It’s been eight years since Pennsylvania enacted a unique tax on natural gas extraction – and local governments, communities and environmental conservation programs continue to be the clear winners.
Former Gov. Tom Corbett signed Act 13 into law in 2012, imposing an additional tax on unconventional natural gas production with counties and municipalities directly benefitting from the bulk of the annual revenues.
With projects ranging from community and economic development programs to environmental conservation efforts, nearly $2 billion has been generated in new revenue, with each of the state’s 67 counties receiving annual revenues. And that number that keeps on growing – with the tax generating on average $200 million each year.
The City of Philadelphia benefits, for example, as the recently approved Philadelphia Parks and Recreation MLK Jr. Trail Modernization Project will be funded through impact fee dollars.
With the impact tax on the books for eight years, here’s a look at eight local projects made possible by Pa.’s tax on natural gas development:
- Multiple bridge replacement projects in Luzerne County
“Luzerne County’s Road and Bridge Department is preparing multiple bridge replacement projects in Butler and Sugarloaf townships… The estimated project cost of $1 million will be funded through the county’s Act 13 fund, derived from Marcellus Shale gas drilling impact fees.” (The Citizens Voice, 3/4/20)
- Hydetown receives funds for bridge repairs
“Two bridges in Oil Creek Township, located on Pastorius Road and Foote Road, were both heavily impacted by the storm and required repairs, which were reimbursed through Act 13.” (The Titusville Herald, 11/21/19)
- Adams County awards $50,000 in recreation grants
“Impact fees from Marcellus Shale drilling are giving Adams County recreation programs a boost. The Adams County commissioners approved two $25,000 grants at their meeting Wednesday using funds earmarked for parks and recreation projects.” (Gettysburg Times, 10/10/19)
- Marcellus gas fees pay for rental rehabs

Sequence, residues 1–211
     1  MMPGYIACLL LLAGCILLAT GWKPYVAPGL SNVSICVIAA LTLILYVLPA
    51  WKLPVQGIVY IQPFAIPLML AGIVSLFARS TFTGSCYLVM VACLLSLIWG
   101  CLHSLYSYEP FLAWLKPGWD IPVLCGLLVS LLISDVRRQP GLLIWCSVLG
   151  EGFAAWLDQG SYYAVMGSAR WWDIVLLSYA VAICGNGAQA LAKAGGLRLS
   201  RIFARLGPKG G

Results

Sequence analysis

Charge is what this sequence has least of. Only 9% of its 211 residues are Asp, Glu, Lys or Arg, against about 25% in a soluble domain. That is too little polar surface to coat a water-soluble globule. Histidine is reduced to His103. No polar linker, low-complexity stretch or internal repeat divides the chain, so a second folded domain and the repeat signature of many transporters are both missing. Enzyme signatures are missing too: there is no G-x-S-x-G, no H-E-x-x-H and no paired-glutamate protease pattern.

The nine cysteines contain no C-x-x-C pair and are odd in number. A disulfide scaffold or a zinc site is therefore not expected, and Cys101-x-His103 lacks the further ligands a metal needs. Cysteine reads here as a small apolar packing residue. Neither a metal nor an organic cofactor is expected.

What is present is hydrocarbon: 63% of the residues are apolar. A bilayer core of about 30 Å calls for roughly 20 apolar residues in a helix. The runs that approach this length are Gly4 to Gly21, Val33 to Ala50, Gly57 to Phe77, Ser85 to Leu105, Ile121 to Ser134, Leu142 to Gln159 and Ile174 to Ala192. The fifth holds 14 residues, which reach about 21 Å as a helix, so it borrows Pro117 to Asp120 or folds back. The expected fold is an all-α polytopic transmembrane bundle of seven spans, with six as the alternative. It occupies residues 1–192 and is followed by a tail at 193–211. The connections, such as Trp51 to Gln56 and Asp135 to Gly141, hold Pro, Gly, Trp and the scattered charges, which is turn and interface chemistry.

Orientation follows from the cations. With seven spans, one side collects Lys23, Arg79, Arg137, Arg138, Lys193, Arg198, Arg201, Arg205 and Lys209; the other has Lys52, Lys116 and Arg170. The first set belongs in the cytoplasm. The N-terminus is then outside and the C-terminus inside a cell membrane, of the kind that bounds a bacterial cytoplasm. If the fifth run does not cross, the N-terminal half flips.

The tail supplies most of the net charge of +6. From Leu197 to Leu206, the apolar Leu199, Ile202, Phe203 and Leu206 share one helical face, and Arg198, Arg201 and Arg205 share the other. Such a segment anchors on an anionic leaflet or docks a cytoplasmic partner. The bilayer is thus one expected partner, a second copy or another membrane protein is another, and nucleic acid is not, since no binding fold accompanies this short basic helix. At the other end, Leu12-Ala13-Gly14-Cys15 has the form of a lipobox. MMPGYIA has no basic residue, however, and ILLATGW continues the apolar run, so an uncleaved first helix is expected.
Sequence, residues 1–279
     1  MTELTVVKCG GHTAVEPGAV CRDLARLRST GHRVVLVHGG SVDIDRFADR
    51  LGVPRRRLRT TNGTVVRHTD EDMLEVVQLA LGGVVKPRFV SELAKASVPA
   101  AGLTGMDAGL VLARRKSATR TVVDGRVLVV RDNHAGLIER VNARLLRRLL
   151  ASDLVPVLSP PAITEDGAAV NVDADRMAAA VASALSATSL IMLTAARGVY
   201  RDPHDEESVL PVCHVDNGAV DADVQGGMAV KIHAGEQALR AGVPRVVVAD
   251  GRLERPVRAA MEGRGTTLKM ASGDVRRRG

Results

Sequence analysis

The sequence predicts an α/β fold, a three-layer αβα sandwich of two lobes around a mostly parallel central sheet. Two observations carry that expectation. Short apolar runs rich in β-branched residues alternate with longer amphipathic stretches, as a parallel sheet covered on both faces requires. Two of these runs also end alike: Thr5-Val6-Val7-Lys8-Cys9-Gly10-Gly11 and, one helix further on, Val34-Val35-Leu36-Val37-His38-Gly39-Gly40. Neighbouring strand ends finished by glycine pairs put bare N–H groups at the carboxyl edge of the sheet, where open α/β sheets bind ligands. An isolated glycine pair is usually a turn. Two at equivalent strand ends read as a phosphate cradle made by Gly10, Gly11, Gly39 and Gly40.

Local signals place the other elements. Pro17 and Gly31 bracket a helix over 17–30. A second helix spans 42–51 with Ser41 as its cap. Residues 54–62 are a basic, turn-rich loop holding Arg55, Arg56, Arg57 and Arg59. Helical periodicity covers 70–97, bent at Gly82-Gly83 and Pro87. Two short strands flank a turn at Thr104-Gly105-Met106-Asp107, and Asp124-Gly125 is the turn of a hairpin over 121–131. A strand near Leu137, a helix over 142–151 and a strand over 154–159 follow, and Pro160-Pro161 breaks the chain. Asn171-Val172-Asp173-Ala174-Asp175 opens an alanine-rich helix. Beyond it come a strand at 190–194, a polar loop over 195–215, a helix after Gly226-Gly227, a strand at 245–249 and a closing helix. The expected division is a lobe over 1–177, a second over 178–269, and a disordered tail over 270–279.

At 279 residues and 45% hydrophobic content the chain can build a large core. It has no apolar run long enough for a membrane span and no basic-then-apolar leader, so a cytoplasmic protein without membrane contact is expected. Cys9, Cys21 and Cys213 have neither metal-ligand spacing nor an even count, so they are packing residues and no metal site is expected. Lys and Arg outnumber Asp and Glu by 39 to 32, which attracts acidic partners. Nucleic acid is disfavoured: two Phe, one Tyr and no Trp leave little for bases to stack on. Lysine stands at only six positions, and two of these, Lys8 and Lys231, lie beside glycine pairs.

Natural gas impact fees continue to help pay part of the rental rehabilitation of apartments in the city. Nearly $42,500 in Pennsylvania Housing Affordability and Rehabilitation Enhancement funds taken from Marcellus Shale impact fees and realty transfer taxes are going to help repair two properties near Memorial Homes. (Williamsport Sun-Gazette, 9/6/18)
- Washington County Courthouse dome renovation
“The county is looking at resurfacing and sealing the dome, which those visiting the interior of the courthouse see as ornate stained glass…The project, which is expected to exceed $1 million, will be paid for from Pennsylvania Act 13 funds from fracked natural gas wells.” (The Observer-Reporter, 7/18/18)
- Flood mitigation, abandoned mine treatment, park development and watershed protection in Westmoreland, Allegheny Counties
“The latest round of grants from the state’s natural gas impact fee will help fund projects in Western Pennsylvania involving flood mitigation, abandoned mine treatment, park development and watershed protection… In Westmoreland and Allegheny counties, the Commonwealth Financing Authority recently approved projects totaling $2.9 million — $2.3 million for Allegheny County and $600,000 for Westmoreland County.” (Pittsburgh Tribune-Review, 11/20/17)
- Montco, Chesco receive thousands from Marcellus Shale impact fees
“Chester and Montgomery counites may not have drilling for natural gas occurring in their confines, but both counties are profiting from the practice. Montgomery County has received $774,000 from the Marcellus Shale Legacy Fund/Greenways and Chester County will receive $485,000.” (The Mercury, 6/11/14)
- Elk County Avoids Tax Hike
“The availability of Marcellus Shale gas (Act 13) funds has been a source of revenue that has been discretionally used to the taxpayers’ benefit. And thus has aided what otherwise would be budget shortfalls.” … The board also approved $50,000 in grants of its Impact Fee shares to projects ranging from equipping St. Mary’s Police with body armor to expanding local drug and alcohol treatment services. (The Bradford Era, 12/3/14)
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